If religion was necessary in the development of large-scale societies, can large-scale societies survive without religion? Norenzayan points to parts of Scandinavia with atheist majorities that seem to be doing just fine. They may have climbed the ladder of religion and effectively kicked it away. Or perhaps, after a thousand years of religious belief, the idea of an unseen entity always watching your behavior remains in our culturally shaped thinking even after the belief in God dissipates or disappears.

90 percent of neuroimaging studies were performed in Western countries. Researchers in motor development similarly suggestedthat their discipline’s body of research ignored how different child-rearing practices around the world can dramatically influence states of development. Two psycholinguistics professors suggested that their colleagues had also made the same mistake: blithely assuming human homogeneity while focusing their research primarily on one rather small slice of humanity.

the amount of knowledge in any culture is far greater than the capacity of individuals to learn or figure it all out on their own. He suggests that individuals tap that cultural storehouse of knowledge simply by mimicking (often unconsciously) the behavior and ways of thinking of those around them.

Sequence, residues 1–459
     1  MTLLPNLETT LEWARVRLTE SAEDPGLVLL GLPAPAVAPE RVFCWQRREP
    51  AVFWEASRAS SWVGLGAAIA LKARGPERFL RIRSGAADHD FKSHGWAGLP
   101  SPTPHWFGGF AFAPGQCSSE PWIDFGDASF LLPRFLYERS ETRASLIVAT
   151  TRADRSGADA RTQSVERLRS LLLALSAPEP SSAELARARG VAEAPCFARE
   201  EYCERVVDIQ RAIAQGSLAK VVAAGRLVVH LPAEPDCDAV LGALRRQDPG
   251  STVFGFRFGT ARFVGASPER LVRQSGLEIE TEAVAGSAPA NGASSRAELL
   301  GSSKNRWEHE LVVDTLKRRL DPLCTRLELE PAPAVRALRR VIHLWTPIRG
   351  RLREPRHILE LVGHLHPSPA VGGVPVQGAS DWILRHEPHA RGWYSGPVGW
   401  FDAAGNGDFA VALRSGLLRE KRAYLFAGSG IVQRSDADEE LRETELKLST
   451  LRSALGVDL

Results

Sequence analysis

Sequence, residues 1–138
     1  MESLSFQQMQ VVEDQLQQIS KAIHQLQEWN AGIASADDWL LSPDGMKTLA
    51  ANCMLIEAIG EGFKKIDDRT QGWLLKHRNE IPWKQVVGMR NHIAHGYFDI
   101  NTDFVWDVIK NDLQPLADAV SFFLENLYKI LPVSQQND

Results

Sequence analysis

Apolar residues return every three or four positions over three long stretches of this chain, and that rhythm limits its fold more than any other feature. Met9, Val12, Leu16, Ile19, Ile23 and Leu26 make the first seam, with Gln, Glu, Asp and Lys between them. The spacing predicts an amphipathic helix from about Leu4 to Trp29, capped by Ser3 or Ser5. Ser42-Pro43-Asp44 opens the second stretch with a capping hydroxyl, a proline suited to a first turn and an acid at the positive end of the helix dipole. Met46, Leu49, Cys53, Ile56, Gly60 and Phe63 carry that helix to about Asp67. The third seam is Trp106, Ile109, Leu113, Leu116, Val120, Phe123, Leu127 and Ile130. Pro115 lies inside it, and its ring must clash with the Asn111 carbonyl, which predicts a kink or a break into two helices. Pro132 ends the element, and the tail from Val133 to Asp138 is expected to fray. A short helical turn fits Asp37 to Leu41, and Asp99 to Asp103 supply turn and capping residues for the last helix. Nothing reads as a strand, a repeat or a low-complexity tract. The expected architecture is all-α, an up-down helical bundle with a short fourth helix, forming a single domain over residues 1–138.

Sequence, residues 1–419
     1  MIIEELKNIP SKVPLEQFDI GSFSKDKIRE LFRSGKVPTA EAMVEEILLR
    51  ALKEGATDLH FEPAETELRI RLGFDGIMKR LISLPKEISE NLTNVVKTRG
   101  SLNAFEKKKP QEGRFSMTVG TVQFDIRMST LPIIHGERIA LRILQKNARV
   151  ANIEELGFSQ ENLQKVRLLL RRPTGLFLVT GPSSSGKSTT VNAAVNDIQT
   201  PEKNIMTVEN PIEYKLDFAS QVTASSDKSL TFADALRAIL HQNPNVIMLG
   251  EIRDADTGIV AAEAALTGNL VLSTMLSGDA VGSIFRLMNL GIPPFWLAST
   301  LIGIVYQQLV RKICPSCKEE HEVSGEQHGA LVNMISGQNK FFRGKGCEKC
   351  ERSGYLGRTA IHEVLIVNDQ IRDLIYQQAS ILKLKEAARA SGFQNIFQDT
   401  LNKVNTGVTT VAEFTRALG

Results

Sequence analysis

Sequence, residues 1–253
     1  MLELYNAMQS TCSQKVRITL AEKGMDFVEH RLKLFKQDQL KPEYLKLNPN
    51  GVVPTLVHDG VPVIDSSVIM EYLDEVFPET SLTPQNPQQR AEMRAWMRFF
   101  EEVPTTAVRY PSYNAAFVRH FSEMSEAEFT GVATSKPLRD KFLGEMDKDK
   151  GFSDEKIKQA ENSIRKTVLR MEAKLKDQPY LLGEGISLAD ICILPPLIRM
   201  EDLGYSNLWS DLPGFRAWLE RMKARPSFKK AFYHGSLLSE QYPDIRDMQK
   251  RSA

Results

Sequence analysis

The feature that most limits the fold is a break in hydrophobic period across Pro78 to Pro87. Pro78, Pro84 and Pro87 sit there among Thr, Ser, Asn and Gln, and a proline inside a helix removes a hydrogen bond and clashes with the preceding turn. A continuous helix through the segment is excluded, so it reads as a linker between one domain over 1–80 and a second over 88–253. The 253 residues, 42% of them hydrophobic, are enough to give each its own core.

[What does this imply regarding the tone of conversations online? That we see others behaving badly, so we do it, too? What does this imply regarding people whining and complaining about church doctrine and policy? That they see others do it, the culture changes, and they do it, too? What does this say about homosexuality and the acceptance of SSM and on and on? That the culture changes and these things become more acceptable.]

We shape a tool in a certain manner, adhere to a food taboo, or think about fairness in a particular way, not because we individually have figured out that behavior’s adaptive value, but because we instinctively trust our culture to show us the way.

Those trying to use economic incentives to encourage sustainable land use will similarly need to understand local notions of fairness to have any chance of influencing behavior in predictable ways.

Because of our peculiarly Western way of thinking of ourselves as independent of others, this idea of the culturally shaped mind doesn’t go down very easily.